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Shabbat

The Genesis of Time

The simple meaning of Genesis 1–2:4 is that God created the world out of primordial elements. And yet, one important new initiative was the construction of time, embracing the day, the month, the year, and the week. The week, however, does not depend on a cosmic phenomenon but served to introduce the concept of a people holy to a creator God.

Professor

Jack M. Sasson

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Does a Day Begin in the Evening?

Close reading of the relevant biblical texts uncovers friction, maybe momentous historical reform.

Dr. Hacham

Isaac S. D. Sassoon

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The Existence of Two Versions of the Decalogue

The Approaches of Chazal and the Pashtanim

Prof. Rabbi

Marty Lockshin

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Shabbat HaYom, HaYom, HaYom: Stylistic Repetition or Polemical Assertion?

Stylistic Repetition or Polemical Assertion that Shabbat Starts in the Morning?

Dr. Hacham

Isaac S. D. Sassoon

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The Textual Source for the 39 Melachot of Shabbat

The forms of of work forbidden on Shabbat and whether there is even a fixed number of them is disputed in the Tannaic period. Today, Judaism follows the opinion Rabbi Akiva and his students that the number is 39. But from where did Rabbi Akiva and students derive the number 39 as set in stone?[1] 

Dr. Rabbi

Yoel bin-Nun

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An Ancient Precedent for the Yom Kippur War?

Two Roman conquests of Jerusalem (Pompey in 63 B.C.E. and Sosius in 37 B.C.E.) purportedly happened on “the day of the fast,” during which the Jews barely defended themselves. Is this a reference to Yom Kippur and why didn’t the Jews defend themselves?

Dr.

Nadav Sharon

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The Two Shabbats of the Decalogue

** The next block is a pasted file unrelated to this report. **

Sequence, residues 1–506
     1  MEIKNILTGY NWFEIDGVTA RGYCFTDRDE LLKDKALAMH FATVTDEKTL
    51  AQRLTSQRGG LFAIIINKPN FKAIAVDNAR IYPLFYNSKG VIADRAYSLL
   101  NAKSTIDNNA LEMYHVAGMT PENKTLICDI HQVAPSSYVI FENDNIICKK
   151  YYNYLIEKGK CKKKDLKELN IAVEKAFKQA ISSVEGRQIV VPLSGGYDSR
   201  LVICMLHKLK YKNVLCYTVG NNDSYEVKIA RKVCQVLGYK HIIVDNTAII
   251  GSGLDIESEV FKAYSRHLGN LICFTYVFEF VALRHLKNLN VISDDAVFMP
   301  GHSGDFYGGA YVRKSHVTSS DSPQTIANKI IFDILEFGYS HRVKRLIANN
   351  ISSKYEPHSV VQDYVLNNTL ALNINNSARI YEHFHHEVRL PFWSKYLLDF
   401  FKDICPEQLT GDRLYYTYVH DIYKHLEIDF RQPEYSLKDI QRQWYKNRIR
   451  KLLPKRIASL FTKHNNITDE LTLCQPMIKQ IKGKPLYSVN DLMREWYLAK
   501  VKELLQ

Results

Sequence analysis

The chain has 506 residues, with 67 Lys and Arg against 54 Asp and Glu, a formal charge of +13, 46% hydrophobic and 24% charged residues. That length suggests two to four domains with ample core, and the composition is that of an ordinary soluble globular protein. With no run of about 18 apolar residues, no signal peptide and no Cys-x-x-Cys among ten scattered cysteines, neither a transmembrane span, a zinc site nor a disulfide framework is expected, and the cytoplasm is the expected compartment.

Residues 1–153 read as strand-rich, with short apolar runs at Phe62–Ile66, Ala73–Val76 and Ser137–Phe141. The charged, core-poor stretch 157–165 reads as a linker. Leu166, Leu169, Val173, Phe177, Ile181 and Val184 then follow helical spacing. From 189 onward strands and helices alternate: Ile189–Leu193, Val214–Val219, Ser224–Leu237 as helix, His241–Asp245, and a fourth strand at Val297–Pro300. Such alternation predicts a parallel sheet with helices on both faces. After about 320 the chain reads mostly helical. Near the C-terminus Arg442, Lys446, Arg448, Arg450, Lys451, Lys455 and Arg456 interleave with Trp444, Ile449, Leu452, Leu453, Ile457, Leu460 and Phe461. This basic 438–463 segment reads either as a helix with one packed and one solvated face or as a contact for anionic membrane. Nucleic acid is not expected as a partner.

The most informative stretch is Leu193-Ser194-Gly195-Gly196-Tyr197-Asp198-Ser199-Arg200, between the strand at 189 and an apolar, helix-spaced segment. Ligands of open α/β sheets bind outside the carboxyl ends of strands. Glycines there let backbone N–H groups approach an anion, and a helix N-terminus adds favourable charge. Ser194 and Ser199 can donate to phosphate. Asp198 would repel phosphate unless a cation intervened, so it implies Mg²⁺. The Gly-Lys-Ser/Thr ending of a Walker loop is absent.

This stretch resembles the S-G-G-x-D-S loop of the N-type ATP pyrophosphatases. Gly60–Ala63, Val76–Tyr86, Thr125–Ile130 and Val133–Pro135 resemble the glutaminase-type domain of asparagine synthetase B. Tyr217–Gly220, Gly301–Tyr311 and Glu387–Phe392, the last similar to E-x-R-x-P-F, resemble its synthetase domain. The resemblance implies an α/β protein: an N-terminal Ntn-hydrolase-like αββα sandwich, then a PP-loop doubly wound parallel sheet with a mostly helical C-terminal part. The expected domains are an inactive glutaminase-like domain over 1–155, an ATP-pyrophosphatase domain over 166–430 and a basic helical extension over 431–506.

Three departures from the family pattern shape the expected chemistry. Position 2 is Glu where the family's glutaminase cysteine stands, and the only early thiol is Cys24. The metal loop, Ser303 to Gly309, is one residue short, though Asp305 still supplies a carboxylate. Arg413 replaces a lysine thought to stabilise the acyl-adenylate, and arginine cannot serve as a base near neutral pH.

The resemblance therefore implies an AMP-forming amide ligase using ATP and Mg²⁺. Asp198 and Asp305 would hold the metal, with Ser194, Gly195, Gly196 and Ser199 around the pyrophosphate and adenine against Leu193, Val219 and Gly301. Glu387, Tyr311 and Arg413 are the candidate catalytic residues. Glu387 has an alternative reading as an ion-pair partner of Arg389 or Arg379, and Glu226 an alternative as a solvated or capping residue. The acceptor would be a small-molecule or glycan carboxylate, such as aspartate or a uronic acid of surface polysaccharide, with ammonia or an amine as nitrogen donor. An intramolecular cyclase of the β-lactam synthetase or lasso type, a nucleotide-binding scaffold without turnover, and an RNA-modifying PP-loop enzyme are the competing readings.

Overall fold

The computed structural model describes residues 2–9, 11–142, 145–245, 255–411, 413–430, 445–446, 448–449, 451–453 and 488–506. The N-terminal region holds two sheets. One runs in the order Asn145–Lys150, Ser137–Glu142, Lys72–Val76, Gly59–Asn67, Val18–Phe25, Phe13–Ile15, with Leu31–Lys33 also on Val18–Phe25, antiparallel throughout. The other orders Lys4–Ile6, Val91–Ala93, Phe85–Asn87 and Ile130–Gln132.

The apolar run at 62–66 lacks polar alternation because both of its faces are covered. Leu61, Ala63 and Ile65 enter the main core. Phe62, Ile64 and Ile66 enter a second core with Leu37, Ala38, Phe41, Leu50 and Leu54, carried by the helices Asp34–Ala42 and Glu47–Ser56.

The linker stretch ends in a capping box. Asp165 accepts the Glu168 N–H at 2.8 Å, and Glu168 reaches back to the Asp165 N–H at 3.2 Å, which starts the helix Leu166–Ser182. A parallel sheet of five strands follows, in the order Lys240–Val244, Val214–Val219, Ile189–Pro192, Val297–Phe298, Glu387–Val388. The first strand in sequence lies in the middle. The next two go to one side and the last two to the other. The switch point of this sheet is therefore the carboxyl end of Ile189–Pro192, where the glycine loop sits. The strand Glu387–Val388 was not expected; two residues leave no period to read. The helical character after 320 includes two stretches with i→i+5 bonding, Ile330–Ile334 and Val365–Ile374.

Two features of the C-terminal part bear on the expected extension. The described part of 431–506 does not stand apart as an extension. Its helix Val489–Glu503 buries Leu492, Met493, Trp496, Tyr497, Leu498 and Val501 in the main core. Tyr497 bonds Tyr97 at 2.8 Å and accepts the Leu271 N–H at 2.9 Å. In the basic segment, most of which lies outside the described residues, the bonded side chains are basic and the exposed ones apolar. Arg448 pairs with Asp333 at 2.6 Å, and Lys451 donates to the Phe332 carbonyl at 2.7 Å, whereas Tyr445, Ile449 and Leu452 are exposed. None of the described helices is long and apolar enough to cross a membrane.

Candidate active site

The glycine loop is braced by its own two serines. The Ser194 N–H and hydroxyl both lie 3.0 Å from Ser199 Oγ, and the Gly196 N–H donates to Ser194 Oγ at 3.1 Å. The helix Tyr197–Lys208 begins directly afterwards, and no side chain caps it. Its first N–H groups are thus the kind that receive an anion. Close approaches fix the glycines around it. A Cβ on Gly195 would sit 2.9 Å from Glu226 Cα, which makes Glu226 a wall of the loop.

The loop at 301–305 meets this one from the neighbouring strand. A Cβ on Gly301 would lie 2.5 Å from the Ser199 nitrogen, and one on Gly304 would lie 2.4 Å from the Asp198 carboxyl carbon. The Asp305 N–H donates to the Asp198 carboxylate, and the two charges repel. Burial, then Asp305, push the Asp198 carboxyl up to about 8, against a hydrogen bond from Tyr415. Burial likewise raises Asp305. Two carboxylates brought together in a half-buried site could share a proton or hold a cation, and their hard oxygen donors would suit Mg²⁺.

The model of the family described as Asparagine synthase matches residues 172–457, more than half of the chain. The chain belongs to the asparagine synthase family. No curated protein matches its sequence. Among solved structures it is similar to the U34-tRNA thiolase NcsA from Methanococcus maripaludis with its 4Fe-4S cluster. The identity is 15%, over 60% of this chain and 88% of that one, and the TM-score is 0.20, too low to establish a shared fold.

A Historical Approach

Dr. Rabbi

Norman Solomon

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Who Is the Eshet Chayil?

Dr.

Jacqueline Vayntrub

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Can The Torah Contradict Halacha (Jewish Law)?

At stake is Ibn Ezra’s curse: “May your tongue stick to your palate… may your arm dry up and your right eye go blind.” 

Dr. Rabbi

Zev Farber

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The Prohibition to Carry on Shabbat: Historical and Exegetical Development

The Sabbath laws offers an instructive model for how Jews in antiquity engaged in creative reinterpretation of biblical texts in order to expand their limited application and to ensure that their customary practice comported with their sacred texts. Using the prohibition against carrying as formulated in Second Temple period texts and rabbinic literature as an example, this analysis traces the history of this law as well as the strategies by which later authors exegetically engage and transform earlier textual material.[1] 

Dr.

Alex P. Jassen

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How and When the Seventh Day Became Shabbat

Dr.

Jacob L. Wright

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Shabbat of the Full Moon

Early biblical laws also demand a cessation of labor every seven days, but originally had nothing to do with Shabbat. Before it came to designate the seventh day in a weekly cycle, Shabbat referred to the time of Full Moon, which together with New Moon was widely observed throughout the ancient Near East.

Dr.

Jacob L. Wright

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Judean Life in Babylonia

Upon the conquest of Judah, Nebuchadnezzar deported many Judeans to Babylonia. What was their life like there? Were they assimilated, or did they stand out? What language(s) did they speak and what religious practices did they maintain? What was their social and economic standing? Babylonian records allow us glimpses into the lives of some of the deportees.

Dr.

Laurie Pearce

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Did God Bless Shabbat?

“And the Lord Blessed the Seventh Day and Consecrated It” (Genesis 2:3). Can time be blessed?

Dr. Rabbi

David Frankel

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The Tabernacle, the Creation, and the Ideal of an Orderly World

The account of the Tabernacle’s construction echoes the creation story in Genesis 1-2:4a, providing an interpretive key to the ancient understanding of this structure. Ritual theory provides further insight into what Israelite readers may have found meaningful about the Tabernacle as a ritual place.

Dr. Rabbi

Naftali S. Cohn

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The Oldest Known Copy of the Decalogue?

A careful examination of the three oldest copies of the Decalogue—4QDeutn, 4QPaleoExodusm, and the Nash Papyrus—surprisingly shows that none of them reflects the Masoretic Text.

Dr.

Esther Eshel

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Intimacy on Shabbat: Was It Always a Mitzvah?

A Surprising Look at Shabbat in the Second Temple Period

Dr.

Malka Zeiger Simkovich

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